“I went to prom my last year when I graduated. It was like an ordinary dance. We didn’t have to wear no gowns or nothing like that. We came in broom skirts, a blouse and flats. I remember I made my skirt in home economics,” Womack said. “We graduated in white evening gowns.”

Palmer and Wyatt said they were unable to attend any of the school dances or proms because they lived so far from the school, and most families back then didn’t have transportation like they do today.

By 1955 the school had expanded, undergoing several new additions including a vocational and agricultural building and a two-story building complete with cafeteria, gym, expansive library, fully-equipped science lab and an authentic home economics space.

Following the completion of the new additions in 1956, the name of the school was changed to Mary M. Bethune High School of Halifax County.

Lealand Luck of South Boston was an agricultural education teacher at Mary Bethune where he taught for one year in 1966 before being transferred along with five other black teachers to Halifax County High School, the high school for white students.

“That was my first year teaching anywhere,” Luck said.

He said while being a new teacher was very frightening, working at Mary Bethune High School was a rewarding experience because he loved teaching, and it was always something he had wanted to do.

According to Luck, a different approach to education was taken back then.

“There was a strong realization that education was the answer to advancing in life, you do the best that you can. I appreciate every minute I spent in the classroom trying to get some education for myself,” Luck said. “My parents were real high on education. They pushed it. That was the answer to any problem you had. If you were poor, you didn’t have any money. The answer was getting something in your head, and I think it was more emphasis on that back then.”

Harvey Dillard, another former teacher of Mary Bethune High School, began teaching 11th and 12th grade history at the school in 1959 after graduating from Bluefield College in West Virginia.

“I came here on the 18th of August and been here ever since. My first year there, I lived with the principal,” Dillard said.

W.C. Edwards was the principal at that time.

According to Dillard, classrooms were full, and the students received second-hand books from the white students, which were in fair condition.

Like Wyatt, Palmer and Womack, Dillard said children seemed more focused on learning back then, and parents took more of an interest also.

“They had a more positive attitude toward education, and I enjoyed the willingness and cooperation of the students,” Dillard said.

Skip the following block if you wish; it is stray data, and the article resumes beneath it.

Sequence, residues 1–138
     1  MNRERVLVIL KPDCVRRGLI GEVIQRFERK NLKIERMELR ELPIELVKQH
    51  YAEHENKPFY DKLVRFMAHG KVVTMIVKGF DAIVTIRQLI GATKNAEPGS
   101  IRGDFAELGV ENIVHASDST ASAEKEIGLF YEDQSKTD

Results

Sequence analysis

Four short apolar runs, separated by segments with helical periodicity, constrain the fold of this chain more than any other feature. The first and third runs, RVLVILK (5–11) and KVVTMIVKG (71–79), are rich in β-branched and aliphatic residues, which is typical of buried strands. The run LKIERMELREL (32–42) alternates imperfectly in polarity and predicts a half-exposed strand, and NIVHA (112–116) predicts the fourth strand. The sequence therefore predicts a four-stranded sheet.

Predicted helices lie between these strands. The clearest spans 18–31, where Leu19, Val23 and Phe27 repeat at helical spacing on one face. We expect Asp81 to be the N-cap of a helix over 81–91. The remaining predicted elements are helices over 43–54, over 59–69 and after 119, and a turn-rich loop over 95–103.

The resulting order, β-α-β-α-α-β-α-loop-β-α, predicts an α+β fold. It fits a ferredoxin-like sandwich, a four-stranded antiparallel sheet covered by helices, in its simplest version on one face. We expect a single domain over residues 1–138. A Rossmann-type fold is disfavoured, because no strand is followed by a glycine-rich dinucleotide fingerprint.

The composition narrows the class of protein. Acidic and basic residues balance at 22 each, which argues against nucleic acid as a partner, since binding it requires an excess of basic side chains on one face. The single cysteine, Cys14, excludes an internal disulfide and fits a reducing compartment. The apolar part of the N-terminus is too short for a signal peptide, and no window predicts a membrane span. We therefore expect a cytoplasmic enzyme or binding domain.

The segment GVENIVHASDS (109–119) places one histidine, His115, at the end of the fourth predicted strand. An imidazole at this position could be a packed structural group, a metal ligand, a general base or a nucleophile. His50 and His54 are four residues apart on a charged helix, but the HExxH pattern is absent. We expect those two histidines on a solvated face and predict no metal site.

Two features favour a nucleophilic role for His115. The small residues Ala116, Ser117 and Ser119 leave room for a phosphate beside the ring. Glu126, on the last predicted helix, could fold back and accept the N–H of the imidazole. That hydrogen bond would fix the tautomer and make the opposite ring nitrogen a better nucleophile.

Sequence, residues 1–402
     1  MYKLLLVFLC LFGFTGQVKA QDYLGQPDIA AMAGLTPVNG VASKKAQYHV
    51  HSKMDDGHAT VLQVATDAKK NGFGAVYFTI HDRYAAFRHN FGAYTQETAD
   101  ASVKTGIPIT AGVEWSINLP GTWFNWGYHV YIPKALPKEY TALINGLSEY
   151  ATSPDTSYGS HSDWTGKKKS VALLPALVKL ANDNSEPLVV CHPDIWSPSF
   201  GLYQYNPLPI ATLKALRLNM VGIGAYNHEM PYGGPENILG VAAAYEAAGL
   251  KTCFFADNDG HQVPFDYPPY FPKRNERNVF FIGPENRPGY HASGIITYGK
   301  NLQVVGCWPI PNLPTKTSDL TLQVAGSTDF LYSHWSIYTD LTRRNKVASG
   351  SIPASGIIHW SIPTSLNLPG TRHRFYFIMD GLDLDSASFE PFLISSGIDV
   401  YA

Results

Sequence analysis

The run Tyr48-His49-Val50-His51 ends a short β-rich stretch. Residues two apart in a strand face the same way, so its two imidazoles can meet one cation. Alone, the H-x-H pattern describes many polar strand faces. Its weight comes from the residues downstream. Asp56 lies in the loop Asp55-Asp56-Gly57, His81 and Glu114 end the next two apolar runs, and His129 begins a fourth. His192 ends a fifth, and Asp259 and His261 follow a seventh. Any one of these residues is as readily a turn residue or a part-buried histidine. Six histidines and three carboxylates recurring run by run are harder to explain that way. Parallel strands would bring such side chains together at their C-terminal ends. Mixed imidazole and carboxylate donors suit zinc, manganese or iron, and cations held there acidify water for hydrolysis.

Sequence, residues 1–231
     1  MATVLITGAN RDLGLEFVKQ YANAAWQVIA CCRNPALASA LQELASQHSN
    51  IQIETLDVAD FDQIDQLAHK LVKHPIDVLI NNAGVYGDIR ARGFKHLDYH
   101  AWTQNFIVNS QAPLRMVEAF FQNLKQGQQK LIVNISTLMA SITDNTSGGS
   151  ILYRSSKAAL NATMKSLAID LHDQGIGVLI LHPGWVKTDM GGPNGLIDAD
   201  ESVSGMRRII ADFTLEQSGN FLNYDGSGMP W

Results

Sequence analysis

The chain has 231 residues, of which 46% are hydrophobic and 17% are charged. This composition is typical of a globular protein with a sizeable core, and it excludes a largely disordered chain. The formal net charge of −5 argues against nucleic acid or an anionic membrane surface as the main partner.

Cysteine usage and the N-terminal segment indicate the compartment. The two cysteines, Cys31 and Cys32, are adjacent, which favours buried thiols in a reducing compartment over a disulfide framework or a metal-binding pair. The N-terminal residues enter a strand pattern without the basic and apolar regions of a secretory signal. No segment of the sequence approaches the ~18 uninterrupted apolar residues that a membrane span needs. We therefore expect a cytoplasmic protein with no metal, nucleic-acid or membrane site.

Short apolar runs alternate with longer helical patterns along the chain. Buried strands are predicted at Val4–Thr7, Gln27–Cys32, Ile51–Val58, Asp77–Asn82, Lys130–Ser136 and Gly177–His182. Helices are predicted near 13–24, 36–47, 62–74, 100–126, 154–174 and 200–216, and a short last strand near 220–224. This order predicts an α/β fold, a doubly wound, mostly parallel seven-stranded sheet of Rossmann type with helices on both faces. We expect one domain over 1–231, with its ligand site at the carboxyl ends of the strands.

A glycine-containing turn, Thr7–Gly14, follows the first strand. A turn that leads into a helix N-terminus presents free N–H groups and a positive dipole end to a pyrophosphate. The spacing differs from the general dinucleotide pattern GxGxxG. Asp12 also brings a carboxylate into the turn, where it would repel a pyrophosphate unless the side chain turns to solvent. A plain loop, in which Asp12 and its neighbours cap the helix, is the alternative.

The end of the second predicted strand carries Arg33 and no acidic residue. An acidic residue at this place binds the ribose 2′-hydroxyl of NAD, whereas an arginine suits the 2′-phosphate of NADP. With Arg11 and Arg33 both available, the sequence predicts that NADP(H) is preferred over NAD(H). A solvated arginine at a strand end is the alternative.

Children had many other responsibilities back then — working on the farm and doing chores — and often they weren’t able to come to school.

According to Dillard, school back then had more of a religious background.

“In the mornings, you had to sing songs and read a Bible verse,” Dillard said. 

During assemblies students and teachers would sing spirituals, and a teacher who was also a minister would preside over the program.

All assemblies and games were opened with the Negro National Anthem as well as the Star Spangled Banner, Dillard said.

Dillard remembered the day Martin Luther King was assassinated. He said the children were called to the gym for a special assembly the day of his funeral, and they had TV sets all around the gym so the children could see what was going on.

“The students were devastated when Dr. King died,” Dillard said.

He also remembered the day President John F. Kennedy was shot and killed.

“I was still teaching in the classroom, and another teacher from down the hallway sent word up to me that the president was shot. I thought he was talking about the president of a school or something. Then he came up and asked me if I had gotten his message, and he told me that it was President John Kennedy,” Dillard recalled.

In 1960 Dillard became assistant football coach for the football team, and that following year, he became head coach.

Mary Bethune’s football team was part of the Western District Virginia Interscholastic Association and played against other black schools.

“We played such teams as Langston in Danville, Dunbar in Lynchburg, Burley in Charlottesville, Addison in Roanoke and several rural schools like Gretna and Blairs,” Dillard said.